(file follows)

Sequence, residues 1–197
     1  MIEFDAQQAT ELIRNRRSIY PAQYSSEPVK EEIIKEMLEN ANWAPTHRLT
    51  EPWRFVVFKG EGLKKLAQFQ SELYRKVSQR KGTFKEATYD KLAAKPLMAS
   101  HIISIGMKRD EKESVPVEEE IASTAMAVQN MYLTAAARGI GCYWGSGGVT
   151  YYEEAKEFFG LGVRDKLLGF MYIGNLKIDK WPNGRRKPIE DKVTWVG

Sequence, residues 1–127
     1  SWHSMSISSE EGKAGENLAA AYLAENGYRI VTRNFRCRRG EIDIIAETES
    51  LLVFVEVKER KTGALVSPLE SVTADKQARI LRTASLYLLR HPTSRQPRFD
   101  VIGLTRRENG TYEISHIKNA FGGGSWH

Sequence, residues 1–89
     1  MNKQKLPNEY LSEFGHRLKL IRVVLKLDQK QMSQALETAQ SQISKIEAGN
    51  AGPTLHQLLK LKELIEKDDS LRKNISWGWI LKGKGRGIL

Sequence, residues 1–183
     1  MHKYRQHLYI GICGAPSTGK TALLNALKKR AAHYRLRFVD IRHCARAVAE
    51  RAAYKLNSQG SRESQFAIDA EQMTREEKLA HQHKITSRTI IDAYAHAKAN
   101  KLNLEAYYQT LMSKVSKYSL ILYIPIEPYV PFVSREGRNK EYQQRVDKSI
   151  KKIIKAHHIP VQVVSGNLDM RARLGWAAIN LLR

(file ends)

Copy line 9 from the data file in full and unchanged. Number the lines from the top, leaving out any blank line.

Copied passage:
   101  VIGLTRRENG TYEISHIKNA FGGGSWH